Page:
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Tenba Mini Photo/Laptop Messenger Bag review: Tenba Mini Photo/Laptop Messenger Bag

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The Good The Tenba Mini Photo/Laptop Messenger Bag is a compact, well-designed, and attractive bag that can hold a surprising amount of equipment.

The Bad There are some odd omissions, such as there being no place for a large keychain, and the nylon exterior attracts a lot of schmutz.

The Bottom Line Smaller and lighter than a typical messenger bag but still able to hold a pro dSLR body, a flash, a couple of small lenses, and a 13-inch laptop, the Tenba Mini Photo/Laptop Messenger Bag is one of the best-designed bags we've seen.

8.0 Overall

I've been carrying a backpack for so long it's become a bit of a trademark, and I still like my current model, the exceptionally lightweight Kata Bumblebee DL-210. But it's a bit bulky for urban use -- think bull meets china shop -- it's impractical when I need to swap lenses frequently, and I find myself switching to a smaller bag when I don't need to schlep my camera equipment (which I hate doing). So I've begun the hunt for a more practical solution. Thus far the Tenba Mini Photo/Laptop Messenger Bag has proven to be a winner; it's relatively small and light, comes in enough colors that everyone should like at least one, and it's quite intelligently designed.

The bag is made of Cordura Nylon, with a small weave that keeps it from looking too casually rugged. It resists a gentle rain, but I wouldn't take it out in a downpour -- I wish it came with a rain cover. I tested the black model, which turned out to be an unwise choice given my white cat, and in general the bag seems to attract schmutz a little more than smoother, less-dense Nylon weaves or canvas. The inside uses lighter ripstop nylon, and the main compartment incorporates the typical "reconfigurable" padded five-divider system with Velcro flaps that attach to the sides of the bag. I tend not to like these types of dividers, because once I remove them I can never get them back into factory-fresh locations (the larger bags have a completely removable insert instead). But I haven't removed them here as they provide some needed organization for the bag. There's also a padded pocket with a simple Velcro strap for a laptop or tablet.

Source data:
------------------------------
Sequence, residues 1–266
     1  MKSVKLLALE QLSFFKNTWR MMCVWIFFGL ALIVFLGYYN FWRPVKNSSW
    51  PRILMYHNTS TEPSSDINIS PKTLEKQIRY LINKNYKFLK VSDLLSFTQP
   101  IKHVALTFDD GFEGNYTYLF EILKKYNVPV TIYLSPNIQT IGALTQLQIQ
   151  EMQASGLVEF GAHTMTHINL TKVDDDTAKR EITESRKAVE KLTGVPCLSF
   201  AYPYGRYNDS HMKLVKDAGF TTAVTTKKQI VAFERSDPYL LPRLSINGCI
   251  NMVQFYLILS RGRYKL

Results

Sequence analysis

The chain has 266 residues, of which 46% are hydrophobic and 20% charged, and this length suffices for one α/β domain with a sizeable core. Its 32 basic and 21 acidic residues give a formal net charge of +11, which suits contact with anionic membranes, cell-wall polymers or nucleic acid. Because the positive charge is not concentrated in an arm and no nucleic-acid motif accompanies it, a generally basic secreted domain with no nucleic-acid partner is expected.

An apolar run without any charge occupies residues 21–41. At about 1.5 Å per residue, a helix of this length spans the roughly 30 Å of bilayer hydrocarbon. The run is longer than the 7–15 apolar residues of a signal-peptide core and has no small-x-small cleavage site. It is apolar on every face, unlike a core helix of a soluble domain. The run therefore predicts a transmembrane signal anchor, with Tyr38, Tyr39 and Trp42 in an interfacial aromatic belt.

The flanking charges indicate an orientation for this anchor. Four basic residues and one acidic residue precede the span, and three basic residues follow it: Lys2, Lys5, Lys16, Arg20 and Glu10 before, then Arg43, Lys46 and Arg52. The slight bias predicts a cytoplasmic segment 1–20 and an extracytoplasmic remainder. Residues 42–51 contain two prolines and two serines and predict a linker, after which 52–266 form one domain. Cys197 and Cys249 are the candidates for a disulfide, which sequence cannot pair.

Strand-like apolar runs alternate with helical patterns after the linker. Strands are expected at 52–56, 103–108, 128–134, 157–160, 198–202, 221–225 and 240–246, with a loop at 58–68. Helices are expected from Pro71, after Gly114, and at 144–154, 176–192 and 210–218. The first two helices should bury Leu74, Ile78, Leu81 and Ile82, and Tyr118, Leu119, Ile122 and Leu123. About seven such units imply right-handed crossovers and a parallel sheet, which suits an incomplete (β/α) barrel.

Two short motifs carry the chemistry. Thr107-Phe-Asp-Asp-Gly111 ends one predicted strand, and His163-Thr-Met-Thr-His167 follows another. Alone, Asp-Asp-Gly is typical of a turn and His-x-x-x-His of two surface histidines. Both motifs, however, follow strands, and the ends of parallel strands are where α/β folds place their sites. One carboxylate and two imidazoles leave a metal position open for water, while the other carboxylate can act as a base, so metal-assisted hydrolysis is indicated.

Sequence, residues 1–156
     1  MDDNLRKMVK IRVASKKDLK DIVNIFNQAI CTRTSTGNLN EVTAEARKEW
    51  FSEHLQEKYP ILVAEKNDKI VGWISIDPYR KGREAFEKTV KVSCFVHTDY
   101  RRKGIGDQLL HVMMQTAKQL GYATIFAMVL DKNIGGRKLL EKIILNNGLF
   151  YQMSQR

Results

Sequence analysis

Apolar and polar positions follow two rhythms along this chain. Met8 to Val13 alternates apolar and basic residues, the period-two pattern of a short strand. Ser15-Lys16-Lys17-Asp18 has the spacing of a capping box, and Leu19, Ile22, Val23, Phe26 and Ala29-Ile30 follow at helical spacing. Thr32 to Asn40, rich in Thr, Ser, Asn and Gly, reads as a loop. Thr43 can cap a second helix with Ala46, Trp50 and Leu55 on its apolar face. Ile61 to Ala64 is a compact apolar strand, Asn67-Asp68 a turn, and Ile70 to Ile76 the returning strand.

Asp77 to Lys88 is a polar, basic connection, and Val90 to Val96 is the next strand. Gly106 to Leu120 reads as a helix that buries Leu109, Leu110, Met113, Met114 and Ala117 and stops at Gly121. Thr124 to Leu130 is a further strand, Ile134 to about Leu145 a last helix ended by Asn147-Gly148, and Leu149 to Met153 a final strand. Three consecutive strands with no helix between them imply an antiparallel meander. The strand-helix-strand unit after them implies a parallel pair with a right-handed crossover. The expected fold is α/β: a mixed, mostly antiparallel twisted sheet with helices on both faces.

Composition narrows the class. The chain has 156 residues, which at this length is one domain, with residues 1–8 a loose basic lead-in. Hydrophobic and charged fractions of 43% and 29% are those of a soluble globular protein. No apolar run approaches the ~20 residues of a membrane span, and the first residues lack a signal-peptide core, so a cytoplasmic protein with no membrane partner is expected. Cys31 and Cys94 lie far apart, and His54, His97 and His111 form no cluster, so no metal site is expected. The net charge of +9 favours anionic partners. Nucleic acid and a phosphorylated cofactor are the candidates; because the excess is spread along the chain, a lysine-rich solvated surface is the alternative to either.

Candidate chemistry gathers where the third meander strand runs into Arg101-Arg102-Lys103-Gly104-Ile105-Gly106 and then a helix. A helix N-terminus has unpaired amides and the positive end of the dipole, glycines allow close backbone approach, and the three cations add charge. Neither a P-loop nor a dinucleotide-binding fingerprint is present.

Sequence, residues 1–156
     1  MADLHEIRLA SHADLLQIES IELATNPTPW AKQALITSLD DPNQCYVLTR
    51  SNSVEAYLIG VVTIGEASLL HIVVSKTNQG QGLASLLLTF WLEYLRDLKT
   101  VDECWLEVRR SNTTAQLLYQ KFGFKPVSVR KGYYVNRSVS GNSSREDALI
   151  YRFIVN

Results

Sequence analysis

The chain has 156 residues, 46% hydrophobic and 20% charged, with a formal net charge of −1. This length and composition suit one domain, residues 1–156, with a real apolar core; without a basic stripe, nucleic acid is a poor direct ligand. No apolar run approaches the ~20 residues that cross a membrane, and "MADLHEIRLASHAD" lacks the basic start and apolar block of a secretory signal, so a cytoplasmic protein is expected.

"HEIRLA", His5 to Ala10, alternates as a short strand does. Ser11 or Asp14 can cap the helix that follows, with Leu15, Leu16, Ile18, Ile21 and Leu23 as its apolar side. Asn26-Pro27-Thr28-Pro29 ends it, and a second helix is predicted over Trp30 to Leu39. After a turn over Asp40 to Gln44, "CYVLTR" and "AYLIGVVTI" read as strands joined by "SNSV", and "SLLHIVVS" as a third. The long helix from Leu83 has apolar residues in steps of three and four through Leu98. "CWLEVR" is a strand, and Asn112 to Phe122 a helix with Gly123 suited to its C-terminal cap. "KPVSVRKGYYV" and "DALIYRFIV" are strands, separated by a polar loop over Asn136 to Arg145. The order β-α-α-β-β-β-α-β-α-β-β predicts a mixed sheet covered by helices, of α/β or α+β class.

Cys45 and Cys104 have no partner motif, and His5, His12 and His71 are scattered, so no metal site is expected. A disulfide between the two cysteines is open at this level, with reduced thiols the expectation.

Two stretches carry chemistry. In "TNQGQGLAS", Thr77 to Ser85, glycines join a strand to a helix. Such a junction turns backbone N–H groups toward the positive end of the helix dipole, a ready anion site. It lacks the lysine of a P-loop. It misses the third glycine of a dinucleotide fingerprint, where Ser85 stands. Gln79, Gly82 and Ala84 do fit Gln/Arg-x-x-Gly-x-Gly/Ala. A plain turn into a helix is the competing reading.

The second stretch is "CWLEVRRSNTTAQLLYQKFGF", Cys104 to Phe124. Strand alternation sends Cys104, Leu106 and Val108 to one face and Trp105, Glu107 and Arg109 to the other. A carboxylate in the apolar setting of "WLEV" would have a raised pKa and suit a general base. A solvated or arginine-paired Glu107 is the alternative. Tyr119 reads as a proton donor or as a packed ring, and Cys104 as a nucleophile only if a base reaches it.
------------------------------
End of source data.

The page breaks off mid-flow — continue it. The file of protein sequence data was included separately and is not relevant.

I hadn't even used the bag yet and already it was showing dust and debris. Sarah Tew/CNET

A dSLR goes into the central divider, lens down, and there are two dividers on either side of the center for flashes, lenses, and other accessories. Two flaps on the central divider fold down to cover the side sections. This comes in quite handy, since it lets you put more stuff (like a compact umbrella) on top of your equipment. Plus, by putting it in with the lens extending to the side over the flap I was able to cram a Nikon D4 with a 24-70mm lens into the bag relatively comfortably.

On the front flap, which secures with Velcro and plastic clips, are two small, phone-sized zippered pockets. They're ostensibly supposed to fit a set of keys as well, but not mine; it only works if you have just a few keys or they lie flat. However, the pockets are designed in such a way that it's possible to put in your phone without zipping it and still be able to open the front flap without the phone falling out. Underneath the flap are two open pockets, one of which I use to stash a media card wallet and the other for my headphones, atop a large zippered compartment.

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